Major Change

In my last post, I mentioned that I changed my major. I suppose I can talk about it. 

(Ok, before I start that I have to talk about how Blogger is annoying me right now. There are only 6 fonts, the one I like doesn't stay between posts. Same thing with size. And whose dick do I have to suck to get a line spacing button? I may need to switch to WordPress.)

During the Spring Semester, I started to get deeper into the program. I had all the heavy math classes and math adjacent general ed classes too. I got very stressed out. I dropped one class and it didn't really help. It got to the point that I was questioning my degree program. 

Now, this wasn't the first time I had questioned it. But I did finally analyze why I picked Math in the first place. And there were a couple of reasons. None of them were about me or what I wanted to do or what I'm good at. 

I originally picked that major because I wanted to make the biggest impact. Service to the community. For one, there are a lot of bad Math teachers out there. They may know how to calculate stuff, but they have no idea how to teach. I think this is a big reason why kids hate math. If they have no confidence in their ability, they will struggle and hate it. Also, we need more women in STEM. It might help if girls had more STEM teachers that are women, it might help.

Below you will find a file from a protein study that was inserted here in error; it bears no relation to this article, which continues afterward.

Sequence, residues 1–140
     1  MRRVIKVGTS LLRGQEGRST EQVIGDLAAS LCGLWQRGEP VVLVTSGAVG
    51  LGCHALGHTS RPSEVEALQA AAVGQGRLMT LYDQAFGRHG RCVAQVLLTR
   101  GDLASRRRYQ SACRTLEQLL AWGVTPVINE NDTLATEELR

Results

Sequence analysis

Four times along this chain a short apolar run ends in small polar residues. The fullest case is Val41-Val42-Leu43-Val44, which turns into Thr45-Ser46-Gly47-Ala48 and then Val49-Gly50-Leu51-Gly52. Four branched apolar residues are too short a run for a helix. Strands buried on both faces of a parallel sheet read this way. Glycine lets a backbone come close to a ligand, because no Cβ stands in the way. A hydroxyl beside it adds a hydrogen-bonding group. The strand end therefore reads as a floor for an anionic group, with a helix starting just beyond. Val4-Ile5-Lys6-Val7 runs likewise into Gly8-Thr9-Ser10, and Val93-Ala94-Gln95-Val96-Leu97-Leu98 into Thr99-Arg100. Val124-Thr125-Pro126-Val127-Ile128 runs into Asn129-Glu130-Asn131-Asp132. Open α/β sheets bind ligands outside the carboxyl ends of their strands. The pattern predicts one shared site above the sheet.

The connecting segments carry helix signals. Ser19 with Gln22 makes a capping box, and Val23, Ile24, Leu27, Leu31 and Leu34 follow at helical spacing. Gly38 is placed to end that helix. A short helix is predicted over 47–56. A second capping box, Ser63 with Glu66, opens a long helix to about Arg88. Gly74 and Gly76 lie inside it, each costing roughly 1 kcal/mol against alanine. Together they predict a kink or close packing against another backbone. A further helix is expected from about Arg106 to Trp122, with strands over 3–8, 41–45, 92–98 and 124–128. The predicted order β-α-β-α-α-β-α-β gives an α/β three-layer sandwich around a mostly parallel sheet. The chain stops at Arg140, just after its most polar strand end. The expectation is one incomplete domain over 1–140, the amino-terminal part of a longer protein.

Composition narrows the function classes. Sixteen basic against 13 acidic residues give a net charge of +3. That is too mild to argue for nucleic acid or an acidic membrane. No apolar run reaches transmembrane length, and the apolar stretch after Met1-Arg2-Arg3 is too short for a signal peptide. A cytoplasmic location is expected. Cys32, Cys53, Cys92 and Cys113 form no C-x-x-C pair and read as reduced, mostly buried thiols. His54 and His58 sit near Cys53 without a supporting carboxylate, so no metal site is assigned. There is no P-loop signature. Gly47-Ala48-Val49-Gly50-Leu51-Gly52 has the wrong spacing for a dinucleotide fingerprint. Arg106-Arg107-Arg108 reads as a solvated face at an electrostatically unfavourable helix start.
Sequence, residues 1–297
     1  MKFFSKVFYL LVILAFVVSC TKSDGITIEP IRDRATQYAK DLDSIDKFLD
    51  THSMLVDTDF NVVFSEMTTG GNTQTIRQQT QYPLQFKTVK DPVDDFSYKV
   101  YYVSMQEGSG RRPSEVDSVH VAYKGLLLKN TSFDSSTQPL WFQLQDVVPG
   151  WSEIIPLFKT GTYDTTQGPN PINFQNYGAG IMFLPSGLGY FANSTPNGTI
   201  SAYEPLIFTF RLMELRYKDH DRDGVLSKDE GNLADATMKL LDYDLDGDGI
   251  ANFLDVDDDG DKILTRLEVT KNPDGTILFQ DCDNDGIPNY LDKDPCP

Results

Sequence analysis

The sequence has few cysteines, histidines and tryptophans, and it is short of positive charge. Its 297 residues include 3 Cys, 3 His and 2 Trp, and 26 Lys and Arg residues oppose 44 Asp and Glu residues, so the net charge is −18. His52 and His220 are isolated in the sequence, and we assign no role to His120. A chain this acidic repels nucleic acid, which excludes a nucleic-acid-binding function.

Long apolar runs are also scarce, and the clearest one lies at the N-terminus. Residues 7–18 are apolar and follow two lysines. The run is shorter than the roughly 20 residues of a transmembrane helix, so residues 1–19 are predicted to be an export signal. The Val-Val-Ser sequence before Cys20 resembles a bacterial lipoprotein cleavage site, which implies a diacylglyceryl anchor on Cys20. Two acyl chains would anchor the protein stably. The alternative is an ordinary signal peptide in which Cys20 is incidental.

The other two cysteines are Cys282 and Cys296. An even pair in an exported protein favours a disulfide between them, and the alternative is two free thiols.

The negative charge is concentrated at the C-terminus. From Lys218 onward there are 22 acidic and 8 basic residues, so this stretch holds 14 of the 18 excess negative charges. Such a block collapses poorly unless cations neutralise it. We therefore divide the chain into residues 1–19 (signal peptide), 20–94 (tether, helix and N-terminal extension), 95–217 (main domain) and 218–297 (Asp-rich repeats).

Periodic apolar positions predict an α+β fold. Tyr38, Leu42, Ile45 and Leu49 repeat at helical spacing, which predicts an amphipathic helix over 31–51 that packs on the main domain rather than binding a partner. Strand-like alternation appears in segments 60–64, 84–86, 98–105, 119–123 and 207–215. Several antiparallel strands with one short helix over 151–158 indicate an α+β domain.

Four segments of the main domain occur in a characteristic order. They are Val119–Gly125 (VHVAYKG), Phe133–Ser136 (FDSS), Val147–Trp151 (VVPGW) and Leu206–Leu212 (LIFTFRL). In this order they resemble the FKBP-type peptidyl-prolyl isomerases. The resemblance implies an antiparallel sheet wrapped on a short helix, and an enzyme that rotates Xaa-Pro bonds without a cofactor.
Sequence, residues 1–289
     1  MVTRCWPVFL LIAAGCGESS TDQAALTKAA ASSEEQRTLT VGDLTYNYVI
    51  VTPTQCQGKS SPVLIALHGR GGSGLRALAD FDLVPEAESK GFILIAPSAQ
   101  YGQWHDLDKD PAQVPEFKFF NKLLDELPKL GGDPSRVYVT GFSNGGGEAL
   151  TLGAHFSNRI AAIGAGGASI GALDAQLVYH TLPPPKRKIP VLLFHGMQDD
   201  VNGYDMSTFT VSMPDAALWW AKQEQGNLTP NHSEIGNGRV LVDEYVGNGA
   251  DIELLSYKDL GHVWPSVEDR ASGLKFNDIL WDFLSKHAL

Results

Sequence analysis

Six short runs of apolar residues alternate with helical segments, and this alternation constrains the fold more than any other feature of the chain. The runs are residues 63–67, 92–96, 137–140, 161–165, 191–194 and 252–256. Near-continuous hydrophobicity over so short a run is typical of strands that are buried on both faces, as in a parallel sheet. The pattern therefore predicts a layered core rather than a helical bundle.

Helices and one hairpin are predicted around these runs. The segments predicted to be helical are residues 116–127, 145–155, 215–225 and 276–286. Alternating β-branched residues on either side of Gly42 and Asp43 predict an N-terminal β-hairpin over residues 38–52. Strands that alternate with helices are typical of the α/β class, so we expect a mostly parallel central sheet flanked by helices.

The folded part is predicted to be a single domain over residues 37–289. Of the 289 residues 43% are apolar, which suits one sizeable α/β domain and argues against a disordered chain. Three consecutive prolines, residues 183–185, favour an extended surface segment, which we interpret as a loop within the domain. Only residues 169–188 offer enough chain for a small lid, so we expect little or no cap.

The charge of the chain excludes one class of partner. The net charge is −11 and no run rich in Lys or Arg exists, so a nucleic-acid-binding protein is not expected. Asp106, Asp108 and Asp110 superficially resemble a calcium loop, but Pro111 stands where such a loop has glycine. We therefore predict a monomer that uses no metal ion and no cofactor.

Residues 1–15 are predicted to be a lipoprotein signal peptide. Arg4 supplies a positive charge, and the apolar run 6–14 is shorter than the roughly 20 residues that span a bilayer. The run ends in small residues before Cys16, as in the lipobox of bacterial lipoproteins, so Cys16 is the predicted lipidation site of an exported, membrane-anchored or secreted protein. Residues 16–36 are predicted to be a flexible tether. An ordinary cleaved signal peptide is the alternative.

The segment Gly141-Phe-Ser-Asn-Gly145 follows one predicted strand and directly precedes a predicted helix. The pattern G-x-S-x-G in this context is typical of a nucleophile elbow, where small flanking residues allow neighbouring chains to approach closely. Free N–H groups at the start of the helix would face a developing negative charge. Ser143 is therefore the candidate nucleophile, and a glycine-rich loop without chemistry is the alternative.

The other reason I picked Math is that I have been trying to prove I'm as good as the boys my whole life. Part of this is how my mom treated me and dressed me before my brother was born. She raised me kind of boyish. There were girls that tried to make me prove I was a girl because I always had boy clothes on. Of course that all changed when my brother was born. Then I was told to wear more dresses and he was the favorite. Now she wonders why he does nothing and expects handouts.

So for the longest time, I suppressed everything girly. Slowly I've shed most of that nonsense. The last to go was vocation. 

I bought into the idea that the hard sciences are masculine and the soft sciences are feminine. Which is nonsense since men have been trying to keep us out of all of them for generations, and women were the 1st coders. And who cares if I do something girly anyway. We need to stop gendering jobs.